San Diego Cities Pressured to Remove Christmas

San Diego — a city named after a Christian religious figure — is a hot bed of political correctness as cities in San Diego county debate the use of the word “Christmas” in traditional parades and holiday festivals. Recent discussions on the issue have brought forward threats if the word Christmas is not removed.

The topic of changing the parade name wasn’t even on the planning commission’s agenda during a recent meeting. They were there to discuss street closures.

But the issue has been around a long time. In 2005, several La Jollans wanted the Christmas Parade’s name changed to something without reference to a specific religion, but the La Jolla Town Council voted down the proposal 11-10 in a secret ballot. The issue arose again in 2009/2010 but went nowhere. The subject is sensitive in La Jolla, which once was notorious for its anti-Semitism.

The parade has set up its own 501(c)(3) organization, and is now completely separate from the town council. Ann Kerr Bache, who heads the parade, says informal polls have been taken regularly since 2005, and 89 percent to 92 percent of respondents say they do not want the name changed. Sponsors and donors do not want a name change.

Opponents of “Christmas” in the event have taken to new sinister tactics to facilitate change.

San Diego Unified School District Superintendent Cindy Marten urged LJCPA trustees to deny the street closures until a more inclusive name is determined. Marten noted that the names of most district-wide school performances have been changed from “Christmas” to “holiday”. Marten suggested that students in the district could help come up with an alternative name as part of the “critical discourse” encouraged by the Common Core State Standards initiative. Many schools have marching bands and color guards that participate in the parade.

Marten was blunt in making threats. “I will consider going to my board in the future and making recommendations for whether or not it’s appropriate for our schools to be participating in parades that have names that are not as inclusive as we might like.”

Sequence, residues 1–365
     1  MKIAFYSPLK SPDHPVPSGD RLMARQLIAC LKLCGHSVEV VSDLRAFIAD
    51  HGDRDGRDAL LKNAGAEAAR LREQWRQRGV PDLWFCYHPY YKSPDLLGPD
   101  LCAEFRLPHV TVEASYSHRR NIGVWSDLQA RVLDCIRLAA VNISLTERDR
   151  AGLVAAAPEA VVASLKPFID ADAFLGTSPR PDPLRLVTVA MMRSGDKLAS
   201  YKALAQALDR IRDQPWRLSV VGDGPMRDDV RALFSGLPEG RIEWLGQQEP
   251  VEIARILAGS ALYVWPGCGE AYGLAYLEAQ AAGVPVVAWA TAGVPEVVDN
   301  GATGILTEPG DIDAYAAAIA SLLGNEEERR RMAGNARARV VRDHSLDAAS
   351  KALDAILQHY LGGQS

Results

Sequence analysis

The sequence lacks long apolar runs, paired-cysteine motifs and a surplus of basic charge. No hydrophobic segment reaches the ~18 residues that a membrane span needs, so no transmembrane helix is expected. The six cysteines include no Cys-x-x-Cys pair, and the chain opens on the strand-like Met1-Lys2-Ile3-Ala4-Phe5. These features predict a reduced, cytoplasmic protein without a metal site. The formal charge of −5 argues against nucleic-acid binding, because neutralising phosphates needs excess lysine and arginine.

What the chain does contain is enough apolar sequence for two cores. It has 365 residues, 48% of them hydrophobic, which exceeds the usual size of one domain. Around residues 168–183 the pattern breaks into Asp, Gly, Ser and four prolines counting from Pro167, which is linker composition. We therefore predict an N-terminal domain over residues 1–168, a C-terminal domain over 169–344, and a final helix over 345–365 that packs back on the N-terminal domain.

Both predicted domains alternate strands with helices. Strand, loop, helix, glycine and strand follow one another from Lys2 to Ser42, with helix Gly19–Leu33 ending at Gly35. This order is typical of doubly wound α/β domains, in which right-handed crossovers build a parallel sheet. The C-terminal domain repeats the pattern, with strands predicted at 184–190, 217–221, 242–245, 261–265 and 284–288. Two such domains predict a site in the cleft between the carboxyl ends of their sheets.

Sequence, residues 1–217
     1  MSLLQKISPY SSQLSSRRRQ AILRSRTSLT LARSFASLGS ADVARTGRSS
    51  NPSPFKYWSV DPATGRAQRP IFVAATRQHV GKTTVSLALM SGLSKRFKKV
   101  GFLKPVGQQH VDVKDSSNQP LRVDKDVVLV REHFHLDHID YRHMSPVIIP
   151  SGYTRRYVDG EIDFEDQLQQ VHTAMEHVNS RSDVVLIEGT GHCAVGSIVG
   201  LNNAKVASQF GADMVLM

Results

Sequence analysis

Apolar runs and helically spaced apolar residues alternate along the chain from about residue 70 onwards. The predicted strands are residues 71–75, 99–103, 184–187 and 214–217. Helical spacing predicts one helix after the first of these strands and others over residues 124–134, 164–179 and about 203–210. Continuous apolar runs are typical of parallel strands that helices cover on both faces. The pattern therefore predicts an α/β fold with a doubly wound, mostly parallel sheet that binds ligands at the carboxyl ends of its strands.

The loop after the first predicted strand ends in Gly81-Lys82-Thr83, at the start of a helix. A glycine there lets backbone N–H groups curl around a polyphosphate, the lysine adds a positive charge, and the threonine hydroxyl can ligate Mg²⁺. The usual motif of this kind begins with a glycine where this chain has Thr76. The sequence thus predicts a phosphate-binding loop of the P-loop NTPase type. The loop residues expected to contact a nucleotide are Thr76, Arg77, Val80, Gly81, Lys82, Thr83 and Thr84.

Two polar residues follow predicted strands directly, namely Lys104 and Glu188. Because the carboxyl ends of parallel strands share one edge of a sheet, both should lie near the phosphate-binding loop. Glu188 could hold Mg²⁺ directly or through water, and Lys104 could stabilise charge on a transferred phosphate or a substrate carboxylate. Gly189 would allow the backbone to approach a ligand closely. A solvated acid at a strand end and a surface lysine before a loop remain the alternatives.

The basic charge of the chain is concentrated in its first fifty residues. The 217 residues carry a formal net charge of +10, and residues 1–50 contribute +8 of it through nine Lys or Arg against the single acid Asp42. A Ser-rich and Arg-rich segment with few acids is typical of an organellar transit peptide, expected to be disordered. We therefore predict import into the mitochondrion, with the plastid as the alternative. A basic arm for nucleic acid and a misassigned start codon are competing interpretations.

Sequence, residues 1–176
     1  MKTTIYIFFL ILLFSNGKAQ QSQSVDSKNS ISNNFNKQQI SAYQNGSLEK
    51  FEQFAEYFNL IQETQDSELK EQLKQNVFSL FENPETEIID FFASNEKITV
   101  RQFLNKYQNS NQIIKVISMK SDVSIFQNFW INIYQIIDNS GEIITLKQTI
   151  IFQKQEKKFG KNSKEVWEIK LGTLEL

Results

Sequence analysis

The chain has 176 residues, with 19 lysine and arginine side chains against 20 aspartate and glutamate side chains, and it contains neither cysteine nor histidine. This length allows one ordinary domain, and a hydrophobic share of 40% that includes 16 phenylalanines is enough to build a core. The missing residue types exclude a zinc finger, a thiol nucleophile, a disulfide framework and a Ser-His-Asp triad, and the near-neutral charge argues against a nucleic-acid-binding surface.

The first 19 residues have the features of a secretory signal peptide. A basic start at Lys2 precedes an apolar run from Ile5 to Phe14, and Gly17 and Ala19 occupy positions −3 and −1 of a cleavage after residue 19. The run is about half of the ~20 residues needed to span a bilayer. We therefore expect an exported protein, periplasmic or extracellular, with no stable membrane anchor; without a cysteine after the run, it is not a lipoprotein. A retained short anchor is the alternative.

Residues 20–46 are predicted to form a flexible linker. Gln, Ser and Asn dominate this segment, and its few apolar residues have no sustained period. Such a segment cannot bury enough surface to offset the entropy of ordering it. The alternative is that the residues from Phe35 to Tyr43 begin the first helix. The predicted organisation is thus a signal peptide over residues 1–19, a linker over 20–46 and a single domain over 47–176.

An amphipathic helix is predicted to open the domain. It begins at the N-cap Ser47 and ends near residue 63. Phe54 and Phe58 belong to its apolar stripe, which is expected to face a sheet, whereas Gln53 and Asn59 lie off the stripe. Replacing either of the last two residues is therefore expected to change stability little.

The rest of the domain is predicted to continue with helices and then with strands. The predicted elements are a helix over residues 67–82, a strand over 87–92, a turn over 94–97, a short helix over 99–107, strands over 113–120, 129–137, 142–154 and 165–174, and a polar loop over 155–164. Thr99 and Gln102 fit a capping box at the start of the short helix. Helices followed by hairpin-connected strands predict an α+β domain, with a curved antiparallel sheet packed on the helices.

It is especially galling that an unelected official would make threats before a planning commission meeting discussing street closures. If Marten really wanted to pull the schools from the event she could do so but would face the wrath of public opinion against the idea and likely be forever blamed for the change. By threatening the commission she is subverting public input on the matter.

LJCPA trustee Fran Zimmerman, who pulled the item from the LJCPA’s August consent agenda, noted that The Washington Post — which is a newspaper and a private enterprise — will no longer use the term “Redskins” when referring to its local NFL team in editorials. “The United Nations has asked The Netherlands to please rethink its centuries-old Christmas tradition of Black Peter, Santa Claus’s right-hand man, in Holland,” she said, noting the feeling of many that the icon perpetuates racist stereotypes. “I’m not a big advocate of times changing, but I can tell you they have,” she said.

The parade is largely funded by private dollars, and does not receive any money from the city.

Trustee Rob Whittemore favored denying the street closures to send a message to event organizers. “We have a private organization using a public facility and about the only way we have any leverage to get the organization to sort of come (in line) with the modern times and become more politically correct … is by denying the street closures,” he said.

Lead name-change proponent Howard Singer, of the San Diego County Diversity and Inclusiveness Group, noted that the names of similar parades around the county have been changed to faith-neutral names.

Trustee Dan Courtney countered that the LJCPA should not be used as a “tool” for Singer and his group to “pursue their agenda.”

“I don’t think it’s appropriate, and personally, I think it’s really sad that it’s come to this,” Courtney said. “The Christmas Parade is a great thing. It makes everybody happy and it should not be attacked like this.”

In July, the La Jolla Village Merchants Association voted to ask that La Jolla Christmas Parade organizers change the name to one that does not reference a particular religion.

What makes this issue thornier is the fact the Christmas is recognized as a secular holiday by the Federal government. All sources tied to this discussion failed to explain what about the word Christmas in the context of the LaJolla event was in fact religious or offensive.

Never has there been a public protest of the event and last year several faith groups were recognized within the parade. Many fail to see what the problem is.

Leave a Reply